Hidden City host Marcus Sakey chats with Paul LaRuffa one of the first victims of the Beltway snipers who shares what it was like to be shot five times.
“D.C. really loves characters. It really loves the story behind a person. The policy and the voting record is secondary to the person,” Marcus Sakey, the crime novelist and host of Travel Channel’s “Hidden City,” said about the interwoven tales of former Mayor Marion Barry and Washington, D.C.
Sakey’s show specializes in digging up the more sordid bits of cities’ histories, profiling famous places through episodes many people would rather not dwell on.
Washington gets its “Hidden” treatment tonight. Sakey had a wealth of material to choose from before settling on Barry’s arrest for possession of crack cocaine in 1990, the 2002 Beltway sniper shootings and the 2001 arrest of FBI agent Robert Hanssen for selling secrets to the Russians.
“It’s interesting trying to pick the stories,” Sakey said in an interview last week. “Crime in cities is pretty much the same: drugs, murder. ... You’re looking for ones that tell a story about the place.”
Charmed by Mayor Michael Bloomberg’s smoke-and-trans-fat-free New York? Don’t worry, Sakey is there to remind you of the horrific deaths of Sid Vicious and Nancy Spungen.
Left your heart in San Francisco? How about revisiting the unsolved crime of the Zodiac Killer?
Heading down to New Orleans for Mardi Gras this month? Don’t forget about the shootings on the Danziger Bridge, a sordid coda to Hurricane Katrina.
And now Sakey has turned his hard-boiled perspective on Washington. Looking forward to visiting the Lincoln Memorial? Don’t forget to swing by the hotel where Barry was busted for smoking crack!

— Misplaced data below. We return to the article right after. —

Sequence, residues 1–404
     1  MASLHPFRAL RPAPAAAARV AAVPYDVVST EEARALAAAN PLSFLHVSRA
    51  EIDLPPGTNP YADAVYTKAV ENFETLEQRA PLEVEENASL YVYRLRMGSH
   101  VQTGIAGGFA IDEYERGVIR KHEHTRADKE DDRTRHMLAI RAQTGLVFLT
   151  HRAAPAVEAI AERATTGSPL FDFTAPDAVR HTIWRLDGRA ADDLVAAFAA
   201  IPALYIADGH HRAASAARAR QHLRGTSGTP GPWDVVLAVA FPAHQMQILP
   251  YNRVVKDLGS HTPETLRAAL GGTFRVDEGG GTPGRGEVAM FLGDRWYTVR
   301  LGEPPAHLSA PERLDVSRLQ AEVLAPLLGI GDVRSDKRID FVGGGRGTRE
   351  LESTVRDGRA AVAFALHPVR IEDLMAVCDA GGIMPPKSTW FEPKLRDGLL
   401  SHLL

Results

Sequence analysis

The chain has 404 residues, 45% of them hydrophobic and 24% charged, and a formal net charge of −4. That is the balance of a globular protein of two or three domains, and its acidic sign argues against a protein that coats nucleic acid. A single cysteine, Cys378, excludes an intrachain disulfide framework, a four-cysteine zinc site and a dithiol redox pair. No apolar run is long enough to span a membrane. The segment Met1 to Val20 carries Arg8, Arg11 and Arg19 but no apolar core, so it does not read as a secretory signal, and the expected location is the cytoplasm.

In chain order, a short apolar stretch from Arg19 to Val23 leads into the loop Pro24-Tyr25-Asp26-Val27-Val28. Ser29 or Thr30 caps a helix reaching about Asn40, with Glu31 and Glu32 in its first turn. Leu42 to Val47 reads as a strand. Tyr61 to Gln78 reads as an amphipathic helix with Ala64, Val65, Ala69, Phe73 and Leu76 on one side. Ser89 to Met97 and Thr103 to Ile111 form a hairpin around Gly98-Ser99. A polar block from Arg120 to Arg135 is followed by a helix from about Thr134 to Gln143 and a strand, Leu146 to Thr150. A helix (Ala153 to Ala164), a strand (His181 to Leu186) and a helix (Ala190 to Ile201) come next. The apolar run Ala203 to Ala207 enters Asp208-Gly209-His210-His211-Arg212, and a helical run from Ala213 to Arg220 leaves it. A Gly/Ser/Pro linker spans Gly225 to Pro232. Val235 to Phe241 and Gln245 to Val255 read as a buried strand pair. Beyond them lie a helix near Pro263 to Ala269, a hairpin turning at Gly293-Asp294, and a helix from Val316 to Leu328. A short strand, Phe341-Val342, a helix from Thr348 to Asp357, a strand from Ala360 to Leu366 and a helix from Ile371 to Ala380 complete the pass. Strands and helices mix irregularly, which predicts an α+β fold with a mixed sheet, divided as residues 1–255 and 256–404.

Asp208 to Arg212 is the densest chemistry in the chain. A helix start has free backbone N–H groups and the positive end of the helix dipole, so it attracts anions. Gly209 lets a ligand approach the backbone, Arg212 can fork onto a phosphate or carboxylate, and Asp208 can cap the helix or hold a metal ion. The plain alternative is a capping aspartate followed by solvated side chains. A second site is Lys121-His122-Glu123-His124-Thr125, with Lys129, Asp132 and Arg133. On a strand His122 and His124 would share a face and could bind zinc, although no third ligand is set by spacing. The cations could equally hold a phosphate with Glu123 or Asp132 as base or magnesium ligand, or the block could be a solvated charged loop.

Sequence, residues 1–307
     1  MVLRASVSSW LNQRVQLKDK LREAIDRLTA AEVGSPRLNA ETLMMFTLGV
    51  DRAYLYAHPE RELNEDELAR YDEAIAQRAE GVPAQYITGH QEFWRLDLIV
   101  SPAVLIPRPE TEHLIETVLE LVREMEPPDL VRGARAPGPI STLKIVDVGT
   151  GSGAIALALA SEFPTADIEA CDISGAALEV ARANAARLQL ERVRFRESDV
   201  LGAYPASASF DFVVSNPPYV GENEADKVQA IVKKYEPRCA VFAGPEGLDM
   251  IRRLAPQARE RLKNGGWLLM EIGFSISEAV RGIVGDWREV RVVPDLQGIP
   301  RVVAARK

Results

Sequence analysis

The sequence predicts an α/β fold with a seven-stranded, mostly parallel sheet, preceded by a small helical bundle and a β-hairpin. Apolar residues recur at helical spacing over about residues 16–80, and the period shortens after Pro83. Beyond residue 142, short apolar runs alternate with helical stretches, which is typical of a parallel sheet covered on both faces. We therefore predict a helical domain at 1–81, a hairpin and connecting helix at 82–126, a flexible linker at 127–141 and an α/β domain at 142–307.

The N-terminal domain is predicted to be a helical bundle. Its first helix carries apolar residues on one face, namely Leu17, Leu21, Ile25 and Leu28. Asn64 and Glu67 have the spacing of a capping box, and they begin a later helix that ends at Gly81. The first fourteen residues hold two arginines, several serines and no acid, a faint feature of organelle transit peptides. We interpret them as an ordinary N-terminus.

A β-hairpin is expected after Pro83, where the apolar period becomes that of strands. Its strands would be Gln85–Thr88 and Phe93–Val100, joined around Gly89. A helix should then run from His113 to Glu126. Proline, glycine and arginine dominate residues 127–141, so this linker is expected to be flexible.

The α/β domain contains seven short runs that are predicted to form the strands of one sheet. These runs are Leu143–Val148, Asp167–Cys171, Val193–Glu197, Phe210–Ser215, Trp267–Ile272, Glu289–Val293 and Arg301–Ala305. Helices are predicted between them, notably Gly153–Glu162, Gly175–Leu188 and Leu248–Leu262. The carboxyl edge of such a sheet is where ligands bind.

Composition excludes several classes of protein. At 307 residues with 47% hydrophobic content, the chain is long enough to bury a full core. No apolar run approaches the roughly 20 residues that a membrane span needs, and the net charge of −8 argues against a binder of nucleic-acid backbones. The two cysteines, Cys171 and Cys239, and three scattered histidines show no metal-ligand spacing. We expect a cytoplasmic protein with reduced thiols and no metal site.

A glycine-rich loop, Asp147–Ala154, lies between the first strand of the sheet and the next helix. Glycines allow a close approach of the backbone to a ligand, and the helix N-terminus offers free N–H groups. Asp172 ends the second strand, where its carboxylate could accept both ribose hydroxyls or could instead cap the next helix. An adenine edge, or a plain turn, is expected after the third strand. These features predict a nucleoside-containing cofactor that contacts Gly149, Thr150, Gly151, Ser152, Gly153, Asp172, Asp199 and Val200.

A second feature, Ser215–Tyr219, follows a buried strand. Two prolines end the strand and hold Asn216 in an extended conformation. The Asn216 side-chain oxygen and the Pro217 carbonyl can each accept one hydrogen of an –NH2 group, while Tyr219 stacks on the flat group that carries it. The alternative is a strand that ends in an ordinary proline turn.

“These three are such an interesting profile of D.C.,” Sakey said in the interview.
As painful as some of the memories surrounding the topics are, they demonstrate the multifaceted identity of Washington.
Barry’s arrest, and the racial tension in the city that the incident brought out, shows Washington as a municipality that frequently runs into conflict with the federal government.
The sniper shootings, in which John Allen Muhammad and Lee Boyd Malvo terrorized the area for 23 days, killing 10 and injuring three, show Washington as a place of many communities spanning several cities, counties and states.
“The snipers: The whole city was under siege,” Sakey said.
For the episode, the show put together a roundtable of citizens. The killers’ indiscriminate methods — they shot whites, blacks, federal workers, children, a bus driver — put the region “in a state of hysteria,” said Nicholas Benton, one of the panelists and editor of the Falls Church News-Press.
For Sakey, it was striking how the trauma lingered. “Even now, nine years later, everyone was shaken by it,” he said.